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Metropolitan Opera holds special benefit concert for Ukraine

March 15, 2022 GMT
This image released by the Metropolitan Opera shows the Met Orchestra and Chorus in "A Concert for Ukraine" at the Metropolitan Opera on March 14, 2022. With three huge yellow-and-blue Ukraine flags draped across the front of the house, the Met held a benefit for the under-attack nation. (Evan Zimmerman/Metropolitan Opera via AP)
This image released by the Metropolitan Opera shows the Met Orchestra and Chorus in "A Concert for Ukraine" at the Metropolitan Opera on March 14, 2022. With three huge yellow-and-blue Ukraine flags draped across the front of the house, the Met held a benefit for the under-attack nation. (Evan Zimmerman/Metropolitan Opera via AP)
This image released by the Metropolitan Opera shows the Met Orchestra and Chorus in "A Concert for Ukraine" at the Metropolitan Opera on March 14, 2022. With three huge yellow-and-blue Ukraine flags draped across the front of the house, the Met held a benefit for the under-attack nation. (Evan Zimmerman/Metropolitan Opera via AP)
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This image released by the Metropolitan Opera shows the Met Orchestra and Chorus in "A Concert for Ukraine" at the Metropolitan Opera on March 14, 2022. With three huge yellow-and-blue Ukraine flags draped across the front of the house, the Met held a benefit for the under-attack nation. (Evan Zimmerman/Metropolitan Opera via AP)
1 of 2
This image released by the Metropolitan Opera shows the Met Orchestra and Chorus in "A Concert for Ukraine" at the Metropolitan Opera on March 14, 2022. With three huge yellow-and-blue Ukraine flags draped across the front of the house, the Met held a benefit for the under-attack nation. (Evan Zimmerman/Metropolitan Opera via AP)

NEW YORK (AP) — Vladyslav Buialskyi spoke to his mother from Berdyansk, a Ukraine seaside town, and told her not to listen to him take the stage at the Metropolitan Opera on Monday night.

With electricity out because of Russia’s invasion, he didn’t want her wasting power for the Internet stream.

With three huge yellow-and-blue Ukraine flags draped across the front of the house, the Met held a benefit for the under-attack nation. The concert began with the 23-year-old Ukrainian bass-baritone as soloist in front of the Met orchestra and chorus and music director Yannick Nézet-Séguin, starting the 90-minute program with Ukraine’s national anthem.

Buialsky struggled to hold back tears, and tapped his heart.

“It was so emotional and powerful. In some moments it was so sensitive and hard to not show my emotions,” he said later. “I’m so grateful to the theater, to all the people who helped to do this.”

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Sergiy Kyslytsya, Ukraine’s ambassador to the United Nations, was introduced from the parterre level and received a standing ovation from the sellout crowd of about 3,600. Tickets sold out within 10 minutes last week at $25, and additional money was raised in online donations.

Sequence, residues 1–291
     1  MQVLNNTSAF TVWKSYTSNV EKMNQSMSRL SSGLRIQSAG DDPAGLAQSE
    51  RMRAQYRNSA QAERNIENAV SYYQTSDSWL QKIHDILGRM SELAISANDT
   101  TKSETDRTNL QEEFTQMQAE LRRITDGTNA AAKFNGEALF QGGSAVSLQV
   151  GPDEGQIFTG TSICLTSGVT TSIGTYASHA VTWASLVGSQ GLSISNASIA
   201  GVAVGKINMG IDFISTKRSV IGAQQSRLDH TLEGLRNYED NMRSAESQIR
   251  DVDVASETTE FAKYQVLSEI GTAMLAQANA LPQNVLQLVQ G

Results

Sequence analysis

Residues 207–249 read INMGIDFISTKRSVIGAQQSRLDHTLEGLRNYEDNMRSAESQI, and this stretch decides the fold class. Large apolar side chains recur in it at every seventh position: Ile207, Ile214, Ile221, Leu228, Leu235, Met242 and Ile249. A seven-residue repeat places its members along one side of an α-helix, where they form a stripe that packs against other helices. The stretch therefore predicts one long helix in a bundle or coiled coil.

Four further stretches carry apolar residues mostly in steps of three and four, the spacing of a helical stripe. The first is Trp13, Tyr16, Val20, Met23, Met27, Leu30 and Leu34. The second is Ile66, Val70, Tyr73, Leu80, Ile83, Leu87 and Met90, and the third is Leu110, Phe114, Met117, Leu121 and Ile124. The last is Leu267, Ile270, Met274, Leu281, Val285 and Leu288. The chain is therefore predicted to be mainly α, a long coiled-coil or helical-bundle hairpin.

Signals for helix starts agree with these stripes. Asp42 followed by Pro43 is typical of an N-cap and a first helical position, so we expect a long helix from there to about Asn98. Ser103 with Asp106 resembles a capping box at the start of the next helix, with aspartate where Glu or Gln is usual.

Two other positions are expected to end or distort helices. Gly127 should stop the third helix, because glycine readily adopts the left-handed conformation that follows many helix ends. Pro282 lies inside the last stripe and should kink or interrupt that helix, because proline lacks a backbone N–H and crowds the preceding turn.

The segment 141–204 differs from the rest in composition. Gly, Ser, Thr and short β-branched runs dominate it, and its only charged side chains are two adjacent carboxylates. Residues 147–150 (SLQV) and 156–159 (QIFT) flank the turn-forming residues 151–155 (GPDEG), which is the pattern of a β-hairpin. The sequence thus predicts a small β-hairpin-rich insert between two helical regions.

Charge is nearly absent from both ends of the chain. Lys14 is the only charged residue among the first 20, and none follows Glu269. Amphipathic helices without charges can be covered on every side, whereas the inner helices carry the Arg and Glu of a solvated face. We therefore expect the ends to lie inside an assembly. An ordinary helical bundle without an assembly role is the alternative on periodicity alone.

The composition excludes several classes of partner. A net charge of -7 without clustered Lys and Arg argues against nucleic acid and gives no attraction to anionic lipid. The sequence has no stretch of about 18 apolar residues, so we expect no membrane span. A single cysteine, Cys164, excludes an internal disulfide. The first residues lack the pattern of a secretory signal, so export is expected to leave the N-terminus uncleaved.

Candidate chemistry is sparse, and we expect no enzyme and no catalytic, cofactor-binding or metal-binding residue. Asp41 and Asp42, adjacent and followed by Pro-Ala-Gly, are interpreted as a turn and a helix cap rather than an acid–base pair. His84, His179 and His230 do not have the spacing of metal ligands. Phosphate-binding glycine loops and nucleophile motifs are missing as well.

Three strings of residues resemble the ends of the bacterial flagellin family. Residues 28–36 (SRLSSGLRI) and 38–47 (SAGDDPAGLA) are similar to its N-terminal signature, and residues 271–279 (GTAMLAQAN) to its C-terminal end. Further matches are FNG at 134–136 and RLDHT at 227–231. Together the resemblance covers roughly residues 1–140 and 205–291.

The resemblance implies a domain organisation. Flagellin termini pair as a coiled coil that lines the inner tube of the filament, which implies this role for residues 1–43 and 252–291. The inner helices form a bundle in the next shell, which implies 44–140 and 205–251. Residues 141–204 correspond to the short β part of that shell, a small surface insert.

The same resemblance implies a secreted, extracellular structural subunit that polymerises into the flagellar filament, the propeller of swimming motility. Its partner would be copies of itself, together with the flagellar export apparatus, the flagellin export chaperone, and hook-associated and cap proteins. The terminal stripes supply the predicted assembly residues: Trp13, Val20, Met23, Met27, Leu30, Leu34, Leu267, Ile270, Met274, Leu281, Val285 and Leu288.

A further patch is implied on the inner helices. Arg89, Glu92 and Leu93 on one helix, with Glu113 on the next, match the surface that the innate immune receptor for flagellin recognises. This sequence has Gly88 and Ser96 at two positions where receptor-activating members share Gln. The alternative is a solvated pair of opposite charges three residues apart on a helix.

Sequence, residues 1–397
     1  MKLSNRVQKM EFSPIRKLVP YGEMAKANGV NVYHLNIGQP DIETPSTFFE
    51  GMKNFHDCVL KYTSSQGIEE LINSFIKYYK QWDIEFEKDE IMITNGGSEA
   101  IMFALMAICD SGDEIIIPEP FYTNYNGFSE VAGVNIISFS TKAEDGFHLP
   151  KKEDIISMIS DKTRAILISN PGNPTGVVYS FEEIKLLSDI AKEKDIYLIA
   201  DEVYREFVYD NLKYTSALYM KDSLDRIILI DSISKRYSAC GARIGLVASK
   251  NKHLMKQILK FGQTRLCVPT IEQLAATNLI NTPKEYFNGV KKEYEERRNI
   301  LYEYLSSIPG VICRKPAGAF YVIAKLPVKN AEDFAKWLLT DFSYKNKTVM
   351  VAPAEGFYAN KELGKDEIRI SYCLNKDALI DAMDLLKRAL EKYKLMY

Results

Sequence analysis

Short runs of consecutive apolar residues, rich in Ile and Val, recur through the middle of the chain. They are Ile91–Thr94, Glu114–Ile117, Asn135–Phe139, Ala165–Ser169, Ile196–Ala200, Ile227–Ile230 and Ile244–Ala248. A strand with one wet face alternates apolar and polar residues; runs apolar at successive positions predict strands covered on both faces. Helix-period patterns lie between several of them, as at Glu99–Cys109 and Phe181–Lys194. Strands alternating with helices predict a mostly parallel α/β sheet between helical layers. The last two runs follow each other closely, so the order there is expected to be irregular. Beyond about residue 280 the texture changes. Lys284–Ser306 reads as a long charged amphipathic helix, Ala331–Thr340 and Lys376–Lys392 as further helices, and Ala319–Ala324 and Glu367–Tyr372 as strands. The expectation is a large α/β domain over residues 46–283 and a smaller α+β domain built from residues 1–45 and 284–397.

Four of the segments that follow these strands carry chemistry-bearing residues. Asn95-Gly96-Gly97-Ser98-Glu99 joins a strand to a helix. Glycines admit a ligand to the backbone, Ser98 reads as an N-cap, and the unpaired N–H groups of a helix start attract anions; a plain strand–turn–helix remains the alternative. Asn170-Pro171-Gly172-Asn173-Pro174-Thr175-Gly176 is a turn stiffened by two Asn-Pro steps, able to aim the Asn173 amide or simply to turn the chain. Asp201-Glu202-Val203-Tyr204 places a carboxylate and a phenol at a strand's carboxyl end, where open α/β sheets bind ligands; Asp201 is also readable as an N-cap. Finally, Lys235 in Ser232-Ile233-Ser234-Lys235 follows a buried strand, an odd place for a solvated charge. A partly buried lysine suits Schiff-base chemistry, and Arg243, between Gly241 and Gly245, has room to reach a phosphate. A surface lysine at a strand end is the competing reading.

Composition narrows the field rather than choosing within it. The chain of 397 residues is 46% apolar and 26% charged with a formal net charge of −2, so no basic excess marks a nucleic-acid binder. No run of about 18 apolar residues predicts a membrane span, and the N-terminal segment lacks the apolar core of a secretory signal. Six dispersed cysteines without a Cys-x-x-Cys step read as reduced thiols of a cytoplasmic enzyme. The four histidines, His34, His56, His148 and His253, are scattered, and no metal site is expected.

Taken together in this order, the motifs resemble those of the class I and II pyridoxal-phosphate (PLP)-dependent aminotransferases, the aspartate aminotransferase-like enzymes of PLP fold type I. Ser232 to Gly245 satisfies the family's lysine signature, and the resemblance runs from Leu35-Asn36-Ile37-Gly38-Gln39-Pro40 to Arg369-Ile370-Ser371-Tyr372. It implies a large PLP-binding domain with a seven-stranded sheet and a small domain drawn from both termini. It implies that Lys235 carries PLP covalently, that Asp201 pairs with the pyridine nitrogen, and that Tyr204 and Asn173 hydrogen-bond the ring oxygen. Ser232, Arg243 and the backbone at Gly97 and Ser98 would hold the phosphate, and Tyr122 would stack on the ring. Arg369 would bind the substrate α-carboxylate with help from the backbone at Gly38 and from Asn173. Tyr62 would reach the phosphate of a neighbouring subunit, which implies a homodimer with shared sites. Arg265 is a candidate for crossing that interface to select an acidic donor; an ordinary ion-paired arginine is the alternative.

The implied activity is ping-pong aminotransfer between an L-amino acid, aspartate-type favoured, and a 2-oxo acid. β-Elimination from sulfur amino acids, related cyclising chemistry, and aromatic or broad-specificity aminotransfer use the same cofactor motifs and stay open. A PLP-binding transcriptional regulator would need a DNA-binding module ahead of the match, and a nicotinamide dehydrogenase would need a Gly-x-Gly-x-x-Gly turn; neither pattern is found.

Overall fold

Met general manager Peter Gelb, who last week dropped star Russian soprano Anna Netrebko from future performances over her failure to condemn Russia President Vladimir Putin, also received a standing ovation.

“Members of the Metropolitan Opera company stand in solidarity with the proud Ukrainian people, so strong in the face of such injustice, destruction and death,” Gelb said in remarks from the stage.

The concert was broadcast on radio world-wide, including on Ukrainian public radio.

Norwegian Lise Davidsen, ascending to the rank of opera’s top stars, gave an emotional account of Strauss’ “Vier letzte Lieder (Four Last Songs).” She filled the hall with her silvery, soaring soprano, bringing some tears to the audience when she sang of “O vast, tranquil peace” in “Im Abendrot (At Sunset).”

Principal horn Erik Ralske’s solo in “Frühling (September)” was haunting, and concertmaster David Chan’s impassioned violin solo between the second and third verses of “Beim Schlafengehen (When Going to Sleep)” will long be remembered.

Thrown together with one primary rehearsal of the orchestra and chorus together on Monday afternoon and using singers currently in New York for Met productions, the concert showcased the Met chorus and chorusmaster Donald Palumbo. Everyone on stage wore a yellow and blue ribbon.

The anthem was followed by “A Prayer for the Ukraine,” a choral work by a Ukrainian composer Valentin Silvestrov, Samuel Barber’s Adagio for Strings and an unusually solemn “Va, pensiero,” the chorus of Hebrew slaves from Verdi’s “Nabucco.”

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After Davidsen, soprano Elsa van den Heever, mezzo-soprano Jamie Barton, tenor Piotr Beczała and bass-baritone Ryan Speedo Green joined for the final movement of Beethoven’s Ninth Symphony, the “Ode to Joy” — last performed by the Met with conductor Arturo Toscanini on April 13 and 18, 1913. All four were vibrant under Nézet-Séguin’s baton, with Green sounding especially booming at the front of the orchestra, positioned over the usual pit.

Buialsky, a member of the Met’s Lindemann Young Artist Development Program, has been with the company since 2020 and last visited Ukraine in December and January.

He was about to telephone his mom when she called him first.

“It’s a bit cold there,” he said. “I told her try not to use the phone as much as you can.”

He didn’t have to teach the chorus Ukraine’s anthem, which they also sang before Verdi’s “Don Carlos” on Feb. 28, the night Buialsky made his Met debut as a Flemish Deputy.

“They already knew it,” he said.